Those that experience sexual harassment in the workplace feel embarrassed, traumatized, shocked, and confused. They may not even realize what has happened until afterwards. At that point, they may be unsure about how to handle it. Many are afraid to report it for fear of losing their jobs.
Title VII of the Civil Rights Act of 1964 protects victims of sexual harassment, which is a form of sexual discrimination. Title VII applies to the federal government, labor organizations, employment agencies, and companies with at least 15 employees. Sexual harassment at work includes abusive behavior of a sexual nature that affects or interferes with an employee’s work or makes the workplace hostile, offensive, or intimidating.
Employees can protect themselves from harassment by arming themselves with knowledge before an incident occurs. Many companies have sexual harassment policies and employee training. Policies should be reviewed, understood, and available to employees. Knowing the proper channels to report sexual harassment is also very important, as all cases should be recounted right away.
Any behavior that seems inappropriate or makes an employee feel uncomfortable constitutes harassment. The harassment can include improper touching, comments, conduct, or sexual discussions in front of others. The abuser can also be of the same sex or a third-party vendor, like a delivery person or consultant on the premises.
There is also the issue of different company cultures; some workplaces accept behaviors that others do not. For example, the atmosphere at a casual restaurant may allow for joking around and employees touching each other in a friendly way. A hospital, on the other hand, may have a much stricter policy. All employees must understand the company policy and be free to speak out about inappropriate actions. The law does not force victims to speck up about harassment, but silence does not equal acceptance. In every case, once an instance of workplace harassment is verified, action should be terminated immediately.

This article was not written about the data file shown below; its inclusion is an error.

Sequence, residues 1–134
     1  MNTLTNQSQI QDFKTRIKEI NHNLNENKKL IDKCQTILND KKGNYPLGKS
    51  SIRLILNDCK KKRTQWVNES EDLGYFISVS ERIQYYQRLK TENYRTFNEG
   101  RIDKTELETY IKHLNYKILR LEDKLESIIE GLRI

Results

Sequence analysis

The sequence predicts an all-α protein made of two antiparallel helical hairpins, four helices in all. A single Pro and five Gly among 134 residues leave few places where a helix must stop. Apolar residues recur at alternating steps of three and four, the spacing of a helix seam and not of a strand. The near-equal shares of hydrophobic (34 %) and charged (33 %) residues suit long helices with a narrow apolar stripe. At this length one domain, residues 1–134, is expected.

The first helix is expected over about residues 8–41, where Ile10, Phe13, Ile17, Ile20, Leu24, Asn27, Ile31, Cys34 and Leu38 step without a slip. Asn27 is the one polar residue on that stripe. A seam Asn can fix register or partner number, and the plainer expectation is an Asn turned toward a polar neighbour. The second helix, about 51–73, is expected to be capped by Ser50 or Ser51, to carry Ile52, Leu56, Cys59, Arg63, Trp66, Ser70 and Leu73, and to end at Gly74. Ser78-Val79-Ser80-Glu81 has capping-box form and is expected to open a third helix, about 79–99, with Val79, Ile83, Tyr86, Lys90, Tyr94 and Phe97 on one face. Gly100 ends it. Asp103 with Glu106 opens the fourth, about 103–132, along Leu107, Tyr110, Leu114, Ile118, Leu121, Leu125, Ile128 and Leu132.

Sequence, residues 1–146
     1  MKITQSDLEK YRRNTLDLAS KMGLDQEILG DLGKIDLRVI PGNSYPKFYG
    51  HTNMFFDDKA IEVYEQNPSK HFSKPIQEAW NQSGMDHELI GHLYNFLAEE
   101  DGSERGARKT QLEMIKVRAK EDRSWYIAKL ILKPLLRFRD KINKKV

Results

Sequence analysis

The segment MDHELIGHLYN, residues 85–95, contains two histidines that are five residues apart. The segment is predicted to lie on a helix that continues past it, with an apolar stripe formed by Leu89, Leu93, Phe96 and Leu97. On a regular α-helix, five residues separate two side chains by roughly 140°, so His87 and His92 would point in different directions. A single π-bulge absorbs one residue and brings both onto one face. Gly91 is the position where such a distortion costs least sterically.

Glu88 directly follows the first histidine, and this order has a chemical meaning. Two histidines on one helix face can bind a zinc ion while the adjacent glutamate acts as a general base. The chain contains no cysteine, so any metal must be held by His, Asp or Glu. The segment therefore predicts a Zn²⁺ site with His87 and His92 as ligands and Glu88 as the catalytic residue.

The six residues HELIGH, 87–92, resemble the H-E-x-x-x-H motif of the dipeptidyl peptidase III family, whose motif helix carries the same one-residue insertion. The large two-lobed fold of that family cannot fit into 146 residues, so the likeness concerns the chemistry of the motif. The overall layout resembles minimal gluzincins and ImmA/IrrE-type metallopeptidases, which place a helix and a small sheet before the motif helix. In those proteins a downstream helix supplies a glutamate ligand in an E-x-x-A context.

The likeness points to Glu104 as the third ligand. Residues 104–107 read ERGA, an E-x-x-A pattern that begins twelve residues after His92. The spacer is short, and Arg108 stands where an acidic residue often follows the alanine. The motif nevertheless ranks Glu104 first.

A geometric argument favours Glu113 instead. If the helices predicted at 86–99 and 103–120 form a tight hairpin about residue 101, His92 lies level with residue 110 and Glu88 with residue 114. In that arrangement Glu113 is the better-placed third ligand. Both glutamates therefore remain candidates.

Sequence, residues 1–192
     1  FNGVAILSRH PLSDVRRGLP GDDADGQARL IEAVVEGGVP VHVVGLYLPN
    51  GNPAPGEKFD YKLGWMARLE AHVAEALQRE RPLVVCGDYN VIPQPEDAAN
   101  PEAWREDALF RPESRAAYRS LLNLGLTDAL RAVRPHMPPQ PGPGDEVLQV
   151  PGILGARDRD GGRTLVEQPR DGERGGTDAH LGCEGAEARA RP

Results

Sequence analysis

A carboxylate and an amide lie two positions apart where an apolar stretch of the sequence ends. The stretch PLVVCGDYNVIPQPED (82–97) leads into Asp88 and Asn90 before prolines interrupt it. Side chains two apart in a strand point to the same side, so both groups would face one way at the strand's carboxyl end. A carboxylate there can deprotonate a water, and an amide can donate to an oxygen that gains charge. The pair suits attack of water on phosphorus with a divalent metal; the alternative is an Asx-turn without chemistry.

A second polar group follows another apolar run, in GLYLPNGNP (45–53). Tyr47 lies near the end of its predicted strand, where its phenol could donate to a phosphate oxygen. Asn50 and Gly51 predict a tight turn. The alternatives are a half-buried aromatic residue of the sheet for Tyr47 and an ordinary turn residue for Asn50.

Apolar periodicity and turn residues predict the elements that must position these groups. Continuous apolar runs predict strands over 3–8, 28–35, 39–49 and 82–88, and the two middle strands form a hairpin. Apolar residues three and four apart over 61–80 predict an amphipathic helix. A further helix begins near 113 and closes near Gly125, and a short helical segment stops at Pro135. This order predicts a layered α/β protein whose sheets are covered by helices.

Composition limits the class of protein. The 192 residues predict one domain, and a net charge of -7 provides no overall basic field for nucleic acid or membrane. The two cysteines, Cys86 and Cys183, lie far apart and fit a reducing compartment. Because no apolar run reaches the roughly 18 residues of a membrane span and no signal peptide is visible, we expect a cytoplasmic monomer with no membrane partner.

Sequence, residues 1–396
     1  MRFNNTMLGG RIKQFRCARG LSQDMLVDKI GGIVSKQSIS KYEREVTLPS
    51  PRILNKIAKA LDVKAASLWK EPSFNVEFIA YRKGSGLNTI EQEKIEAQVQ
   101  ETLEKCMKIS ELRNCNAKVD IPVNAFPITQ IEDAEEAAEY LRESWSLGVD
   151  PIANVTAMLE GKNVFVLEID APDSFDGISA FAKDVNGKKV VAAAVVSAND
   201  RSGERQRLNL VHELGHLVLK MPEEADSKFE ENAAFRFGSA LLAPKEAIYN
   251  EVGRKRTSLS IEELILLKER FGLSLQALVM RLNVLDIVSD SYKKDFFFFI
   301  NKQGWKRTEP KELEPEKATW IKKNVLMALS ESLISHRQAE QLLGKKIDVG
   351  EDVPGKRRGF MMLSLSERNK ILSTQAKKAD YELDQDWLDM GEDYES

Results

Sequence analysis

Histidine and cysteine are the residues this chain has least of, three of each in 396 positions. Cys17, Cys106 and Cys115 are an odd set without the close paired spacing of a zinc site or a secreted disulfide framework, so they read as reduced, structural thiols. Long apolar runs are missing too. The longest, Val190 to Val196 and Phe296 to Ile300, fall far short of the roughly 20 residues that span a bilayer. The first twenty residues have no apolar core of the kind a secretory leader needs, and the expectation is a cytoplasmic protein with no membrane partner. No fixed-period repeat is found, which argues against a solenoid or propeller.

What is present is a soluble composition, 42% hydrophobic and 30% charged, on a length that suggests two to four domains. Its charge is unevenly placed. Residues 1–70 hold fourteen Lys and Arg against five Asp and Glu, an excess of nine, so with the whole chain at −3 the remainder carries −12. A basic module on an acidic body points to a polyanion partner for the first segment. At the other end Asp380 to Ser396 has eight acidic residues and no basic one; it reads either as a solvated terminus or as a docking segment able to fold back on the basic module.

The situation can be made worse if the employee is harassed further by other employees or management that know about the situation and proceed to discriminate against the employee. Employees are not responsible for keeping their workplace free from sexual abuse and harassment; this is the responsibility of management and the Human Resources Department. Management needs to clearly communicate that sexual harassment will not be tolerated in their workplace. A company may be liable for sexual harassment that is caused or seen by a company owner, employee, or manager, and/or if they were aware of it and did not act.
Many employees are afraid to go through the proper channels and end up making off-the-record passive complaints to colleagues. In these situations, management is required to investigate. Ignoring these comments could result in management lawsuits for aiding and abetting the abuser in certain states.
Chester County Sexual Harassment Lawyers at Sidney L. Gold & Associates, P.C. Fight for Victims of Workplace Harassment
If you have been a victim of sexual harassment in the workplace, the Chester County sexual harassment lawyers at Sidney L. Gold & Associates, P.C. have represented countless victims of harassment. Our highly professional team will investigate your claims and stand by you every step of the way. Contact us today at 215-569-1999 or contact us online for a free consultation. We are in Philadelphia, and we proudly represent clients from the surrounding areas, including Bucks County, Delaware County, and Montgomery County.